What is a Prenup and How Does it Work During Divorce? 

When planning to get married, signing a prenuptial agreement or prenup may be part of your planning process. For some, a prenuptial agreement can feel distrustful of your spouse, or it may feel as though you are preparing for divorce before you are married. However, a prenuptial agreement can provide certain safeguards and protections for both spouses, making the divorce process much easier.

If you are getting married and are thinking of a prenup, it can help provide peace of mind about your financial status as you navigate both marriage and divorce. However, filing your prenuptial agreement correctly and ensuring it is in place is a crucial part of the process. If your prenup is not filed correctly, it may be considered invalid and not provide the resources you expected.

What Can I Expect from a Prenuptial Agreement?

prenuptial agreement is a contract between two people who plan to marry, with specific agreements on aspects of their marriage as governed by the Uniform Premarital and Marital Agreement Act. These aspects are frequently financial, including an individual’s assets, but they may cover much more than that. This agreement can help settle disputes during a divorce.

For example, suppose you and your spouse bring significant property to the marriage. In that case, you may want to draw up a prenuptial agreement to ensure neither party is given the majority of that property. Laying out the exact details of how your assets will be divided during a divorce can take that strain off if your marriage comes to an end. Rather than making these decisions during your time in divorce court, these issues may already be settled under better circumstances.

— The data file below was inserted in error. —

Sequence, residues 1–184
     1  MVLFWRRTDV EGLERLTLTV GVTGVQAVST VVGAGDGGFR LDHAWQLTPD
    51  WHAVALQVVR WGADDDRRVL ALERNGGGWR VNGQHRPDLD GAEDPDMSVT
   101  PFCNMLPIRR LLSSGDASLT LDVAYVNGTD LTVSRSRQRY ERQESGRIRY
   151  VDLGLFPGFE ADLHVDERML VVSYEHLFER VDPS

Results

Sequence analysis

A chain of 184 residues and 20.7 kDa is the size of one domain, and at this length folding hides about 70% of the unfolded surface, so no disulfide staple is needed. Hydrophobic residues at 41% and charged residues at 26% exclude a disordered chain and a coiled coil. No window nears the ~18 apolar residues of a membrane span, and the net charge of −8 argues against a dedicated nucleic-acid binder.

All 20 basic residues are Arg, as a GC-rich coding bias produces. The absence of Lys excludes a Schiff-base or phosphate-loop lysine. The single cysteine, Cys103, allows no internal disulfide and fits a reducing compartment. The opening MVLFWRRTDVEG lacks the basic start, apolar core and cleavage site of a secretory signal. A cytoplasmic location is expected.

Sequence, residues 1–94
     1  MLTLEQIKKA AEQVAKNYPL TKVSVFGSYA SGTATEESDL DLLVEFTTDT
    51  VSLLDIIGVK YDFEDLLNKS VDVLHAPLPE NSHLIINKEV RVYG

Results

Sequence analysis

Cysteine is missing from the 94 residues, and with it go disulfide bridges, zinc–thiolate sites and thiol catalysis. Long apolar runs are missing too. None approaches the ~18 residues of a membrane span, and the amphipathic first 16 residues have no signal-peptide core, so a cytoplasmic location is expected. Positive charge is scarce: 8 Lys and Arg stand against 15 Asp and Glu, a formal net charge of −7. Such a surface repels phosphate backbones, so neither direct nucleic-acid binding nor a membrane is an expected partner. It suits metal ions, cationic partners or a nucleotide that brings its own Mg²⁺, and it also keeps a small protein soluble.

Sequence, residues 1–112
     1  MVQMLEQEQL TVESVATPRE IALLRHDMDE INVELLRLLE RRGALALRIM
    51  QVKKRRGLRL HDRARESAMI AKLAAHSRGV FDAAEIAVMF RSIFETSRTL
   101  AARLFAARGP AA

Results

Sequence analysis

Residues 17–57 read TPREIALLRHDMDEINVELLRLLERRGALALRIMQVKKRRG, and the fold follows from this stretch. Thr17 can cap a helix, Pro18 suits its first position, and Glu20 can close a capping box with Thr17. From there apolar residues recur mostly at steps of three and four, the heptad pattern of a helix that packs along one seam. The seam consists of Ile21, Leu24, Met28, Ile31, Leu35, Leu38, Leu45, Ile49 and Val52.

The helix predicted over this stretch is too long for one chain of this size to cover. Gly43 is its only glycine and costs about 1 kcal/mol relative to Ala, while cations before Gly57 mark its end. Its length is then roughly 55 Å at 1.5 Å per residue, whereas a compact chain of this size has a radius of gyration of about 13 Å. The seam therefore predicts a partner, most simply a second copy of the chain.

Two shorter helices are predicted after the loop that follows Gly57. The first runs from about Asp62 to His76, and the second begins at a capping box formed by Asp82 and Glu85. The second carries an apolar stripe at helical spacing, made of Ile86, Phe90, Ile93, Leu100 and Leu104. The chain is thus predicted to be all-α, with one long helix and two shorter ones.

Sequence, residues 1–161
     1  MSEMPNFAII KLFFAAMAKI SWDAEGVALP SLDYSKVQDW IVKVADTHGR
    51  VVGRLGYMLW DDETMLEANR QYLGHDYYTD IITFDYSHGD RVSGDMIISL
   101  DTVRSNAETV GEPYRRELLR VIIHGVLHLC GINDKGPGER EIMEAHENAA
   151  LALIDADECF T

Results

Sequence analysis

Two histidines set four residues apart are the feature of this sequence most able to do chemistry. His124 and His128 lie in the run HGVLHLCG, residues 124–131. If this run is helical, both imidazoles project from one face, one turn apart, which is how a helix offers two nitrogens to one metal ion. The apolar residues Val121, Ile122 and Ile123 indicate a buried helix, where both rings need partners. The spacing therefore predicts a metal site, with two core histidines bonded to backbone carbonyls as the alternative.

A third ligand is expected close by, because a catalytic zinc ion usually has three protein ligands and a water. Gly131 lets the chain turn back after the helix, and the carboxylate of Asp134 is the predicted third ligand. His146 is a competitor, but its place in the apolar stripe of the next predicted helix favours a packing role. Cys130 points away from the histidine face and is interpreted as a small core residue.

That also includes questions of spousal support and maintenance. Spousal support offers financial aid for the spouse with a lower income, which is typically decided during the divorce proceedings. However, a prenuptial agreement can provide some insight into the agreement and any limits you hope to set on your alimony.

Your Prenup Can Help Smooth the Divorce Process

One key benefit of a prenuptial agreement is that it sets you ahead in handling common issues involved with a divorce. Traditionally, you may mediate your case or go straight to court, but with the prenuptial agreement, you may have a much smoother process to complete your divorce proceedings. When parts of your case are already handled, this may be a much faster process for all involved.

Another benefit of a prenuptial agreement is that you may face less court intervention. The fewer issues that must be solved in court, the smoother this process may go, as problems handled in court may escalate. That means you can spend less time in divorce court and more time focusing on other aspects of your life.

As you navigate a divorce, one of the biggest concerns you may have is the growing tension between you and your spouse. Frequently, longer times in the divorce court can lead to higher tensions and escalating issues. When these issues are removed or diminished by a prenup, your prenup can then help protect your future and reduce tension.

What Happens If My Spouse Asks for Rejection of Our Prenup?

Before your marriage, you and your spouse may have agreed on a prenuptial agreement to reduce the difficulties and conflict that can arise during a divorce proceeding. However, your spouse may have decided to pursue a different settlement during your divorce and asked the court to reject your prenuptial agreement.

You may be worried that this will undo the work that your prenuptial agreement was supposed to take care of. Fortunately, you do not have to simply accept a rejection of your original agreement. With legal guidance, you may be able to validate your prenuptial agreement.